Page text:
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Genome-wide analysis of mammalian promoter architecture and evolution

A Corrigendum to this article was published on 01 September 2007

This article has been updated


Mammalian promoters can be separated into two classes, conserved TATA box–enriched promoters, which initiate at a well-defined site, and more plastic, broad and evolvable CpG-rich promoters. We have sequenced tags corresponding to several hundred thousand transcription start sites (TSSs) in the mouse and human genomes, allowing precise analysis of the sequence architecture and evolution of distinct promoter classes. Different tissues and families of genes differentially use distinct types of promoters. Our tagging methods allow quantitative analysis of promoter usage in different tissues and show that differentially regulated alternative TSSs are a common feature in protein-coding genes and commonly generate alternative N termini. Among the TSSs, we identified new start sites associated with the majority of exons and with 3′ UTRs. These data permit genome-scale identification of tissue-specific promoters and analysis of the cis-acting elements associated with them.

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Figure 1: Definition and characteristics of CAGE tag clusters.
Figure 2: TATA-box and TSS spacing definition and consensus.
Figure 3: Bidirectional overlapping promoters of Gabpa and Atp5j.
Figure 4: Pyrimidine-purine dinucleotides drive expression.
Figure 5: Promoter-based clustering reveals global features of the transcriptome.
Figure 6: Alternative promoters in protein-coding genes.

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Change history

  • 06 May 2006

    In the version of this article initially published online, the x-axis of Figure 4b was mislabeled. Specifically, the five groups on the x-axis should be labeled: No mutation PyPu to PuPu PyPu to PuPy PyPu to PyPu PyPu to PyPy The error has been corrected for all versions of the article.

  • 29 August 2007

    In the version of this article initially published, two of the smaller bar plots in Figure 1e were mistakenly duplicated. Specifically, the Zfp385 plot is an erroneous copy of the 137774 plot, and the Txndc7 plot is an erroneous copy of the Pik3r5 plot. See below for the corrected version of the figure. This error does not change the conclusions of the study in any way, as the bar plots are just a few visual examples of more than 5,000 tag clusters, and the correct plots follow the same distribution patterns as the erroneous ones. This error has been corrected in the HTML and PDF versions of the article.


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We thank the following individuals for discussion, encouragement and technical assistance: H. Atsui, A. Hasegawa, K. Hayashida, H. Himei, F. Hori, C. Kawazu, M. Kojima, K. Waki, M. Aoki, K Murakami, M. Murata, M. Nishikawa, H. Nishiyori, K. Nomura, M. Ohno, H. Sato, Y. Shigemoto, N. Suzuki, Y. Takeda and K. Yoshida. We especially thank A. Wada, T. Ogawa, M. Muramatsu, A. Kira and all the members of RIKEN Yokohama Research Promotion Division for supporting and encouraging the project. We also thank the Laboratory of Genome Exploration Research Group for secretarial and technical assistance, and Yokohama City University, who provided human samples and computational resources of the RIKEN Super Combined Cluster (RSCC). This work was mainly supported by Research Grant for the Genome Network Project from the Japanese Ministry of Education, Culture, Sports, Science and Technology (MEXT), the RIKEN Genome Exploration Research Project from the Japanese Ministry of Education, Culture, Sports, Science and Technology of the Japanese Government (to Y.H.), Advanced and Innovational Research Program in Life Science (to Y.H.), National Project on Protein Structural and Functional Analysis from MEXT (to Y.H.), Presidential Research Grant for Intersystem Collaboration of RIKEN (to P.C. and Y.H.) and a grant from the Six Framework Program from the European Commission (to P.C.).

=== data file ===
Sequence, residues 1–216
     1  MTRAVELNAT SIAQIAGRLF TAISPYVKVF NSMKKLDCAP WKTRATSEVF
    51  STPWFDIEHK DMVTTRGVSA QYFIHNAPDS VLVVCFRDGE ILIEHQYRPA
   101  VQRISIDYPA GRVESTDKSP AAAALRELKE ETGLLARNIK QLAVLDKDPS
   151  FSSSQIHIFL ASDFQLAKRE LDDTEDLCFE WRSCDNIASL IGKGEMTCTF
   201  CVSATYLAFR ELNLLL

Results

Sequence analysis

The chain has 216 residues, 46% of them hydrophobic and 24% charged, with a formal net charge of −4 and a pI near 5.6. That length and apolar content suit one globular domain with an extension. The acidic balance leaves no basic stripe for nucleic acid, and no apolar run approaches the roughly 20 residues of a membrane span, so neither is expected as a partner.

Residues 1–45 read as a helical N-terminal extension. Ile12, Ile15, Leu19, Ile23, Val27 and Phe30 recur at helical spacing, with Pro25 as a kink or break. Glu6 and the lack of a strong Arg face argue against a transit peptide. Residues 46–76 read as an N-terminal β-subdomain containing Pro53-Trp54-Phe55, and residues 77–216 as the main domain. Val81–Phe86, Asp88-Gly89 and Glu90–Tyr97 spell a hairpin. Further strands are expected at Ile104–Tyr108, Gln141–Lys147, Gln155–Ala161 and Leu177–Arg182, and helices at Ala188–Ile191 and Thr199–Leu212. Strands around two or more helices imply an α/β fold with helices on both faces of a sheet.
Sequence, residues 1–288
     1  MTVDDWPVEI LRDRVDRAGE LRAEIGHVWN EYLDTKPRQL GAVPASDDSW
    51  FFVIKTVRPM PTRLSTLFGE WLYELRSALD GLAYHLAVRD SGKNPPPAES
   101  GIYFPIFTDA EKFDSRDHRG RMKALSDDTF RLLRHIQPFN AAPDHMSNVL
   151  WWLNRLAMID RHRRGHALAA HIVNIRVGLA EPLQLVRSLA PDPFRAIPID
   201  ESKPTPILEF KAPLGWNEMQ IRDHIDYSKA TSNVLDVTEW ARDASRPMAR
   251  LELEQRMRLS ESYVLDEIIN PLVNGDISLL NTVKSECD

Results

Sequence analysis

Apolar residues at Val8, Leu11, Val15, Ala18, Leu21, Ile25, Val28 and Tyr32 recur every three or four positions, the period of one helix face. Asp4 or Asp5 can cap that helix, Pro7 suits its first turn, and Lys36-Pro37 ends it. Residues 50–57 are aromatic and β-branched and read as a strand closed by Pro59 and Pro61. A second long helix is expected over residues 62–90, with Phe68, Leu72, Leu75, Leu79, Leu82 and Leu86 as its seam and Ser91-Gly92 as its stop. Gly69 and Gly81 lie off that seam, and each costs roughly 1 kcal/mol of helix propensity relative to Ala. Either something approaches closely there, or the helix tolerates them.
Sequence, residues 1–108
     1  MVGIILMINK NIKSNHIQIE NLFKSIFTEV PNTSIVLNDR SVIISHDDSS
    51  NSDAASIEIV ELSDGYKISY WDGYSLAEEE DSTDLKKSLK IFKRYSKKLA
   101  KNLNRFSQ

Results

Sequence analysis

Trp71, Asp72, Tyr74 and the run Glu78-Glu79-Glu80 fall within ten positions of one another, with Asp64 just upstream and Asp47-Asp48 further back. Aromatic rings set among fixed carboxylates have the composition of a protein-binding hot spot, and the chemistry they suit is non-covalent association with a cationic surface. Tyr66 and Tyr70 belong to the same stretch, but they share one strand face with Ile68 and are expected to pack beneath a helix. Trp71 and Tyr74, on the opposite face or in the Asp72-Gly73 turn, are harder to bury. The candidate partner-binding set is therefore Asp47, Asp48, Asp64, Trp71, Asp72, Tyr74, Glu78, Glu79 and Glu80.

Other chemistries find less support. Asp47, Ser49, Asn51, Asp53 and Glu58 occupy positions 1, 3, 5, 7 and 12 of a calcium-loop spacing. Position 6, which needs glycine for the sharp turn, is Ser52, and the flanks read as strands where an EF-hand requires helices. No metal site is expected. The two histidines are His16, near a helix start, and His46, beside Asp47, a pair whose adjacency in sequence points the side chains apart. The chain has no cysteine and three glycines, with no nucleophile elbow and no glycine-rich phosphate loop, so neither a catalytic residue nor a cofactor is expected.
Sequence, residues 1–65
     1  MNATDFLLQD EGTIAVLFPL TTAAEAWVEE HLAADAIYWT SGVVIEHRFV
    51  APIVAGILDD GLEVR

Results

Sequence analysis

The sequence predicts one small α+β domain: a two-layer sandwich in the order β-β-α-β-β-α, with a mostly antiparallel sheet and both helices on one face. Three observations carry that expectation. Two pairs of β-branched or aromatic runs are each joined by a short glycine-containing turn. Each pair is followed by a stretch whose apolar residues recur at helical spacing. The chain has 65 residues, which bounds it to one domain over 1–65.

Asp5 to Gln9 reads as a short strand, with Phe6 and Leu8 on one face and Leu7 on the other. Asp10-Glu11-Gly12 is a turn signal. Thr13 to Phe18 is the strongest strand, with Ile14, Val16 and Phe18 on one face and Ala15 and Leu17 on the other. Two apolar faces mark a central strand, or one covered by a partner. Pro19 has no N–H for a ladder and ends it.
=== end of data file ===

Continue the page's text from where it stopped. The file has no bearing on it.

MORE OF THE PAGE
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Correspondence to David A Hume or Yoshihide Hayashizaki.

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Supplementary information

Supplementary Fig. 1

Mapping CAGE starting sites to the genome. (PDF 590 kb)

Supplementary Fig. 2

Assessment of exonic promoter activity. (PDF 247 kb)

Supplementary Fig. 3

Conservation of promoters and TSS shapes over evolution. (PDF 881 kb)

Supplementary Fig. 4

Initiation site properties and evolutionary changes. (PDF 1028 kb)

Supplementary Fig. 5

Sequence pattern distributions for different classes of promoters. (PDF 347 kb)

Supplementary Fig. 6

Alternative promoters and transcription start sites in 3′ UTRs. (PDF 1166 kb)

Supplementary Fig. 7

CAGE validation examples. (PDF 983 kb)

Supplementary Fig. 8

Definition of TCs and mRNA assignments of TCs. (PDF 88 kb)

Supplementary Table 1

Detailed description of the data sets. (PDF 120 kb)

Supplementary Table 2

Substitution rate estimates for mouse and human promoters. (PDF 307 kb)

Supplementary Table 3

Functional and tissue specificity overrepresentation for different shape classes. (PDF 193 kb)

Supplementary Table 4

Internet links to publicly available resources and data sets. (PDF 126 kb)

Supplementary Table 5

CAGE reproducibility statistics. (PDF 220 kb)

Supplementary Table 6

Overrepresentation index of TFBS in macrophage promoters. (PDF 31 kb)

Supplementary Table 7

Overrepresentation and underrepresentation index of TFBS in macrophage promoters, detailed view. (PDF 135 kb)

Supplementary Note (PDF 184 kb)

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Carninci, P., Sandelin, A., Lenhard, B. et al. Genome-wide analysis of mammalian promoter architecture and evolution. Nat Genet 38, 626–635 (2006).

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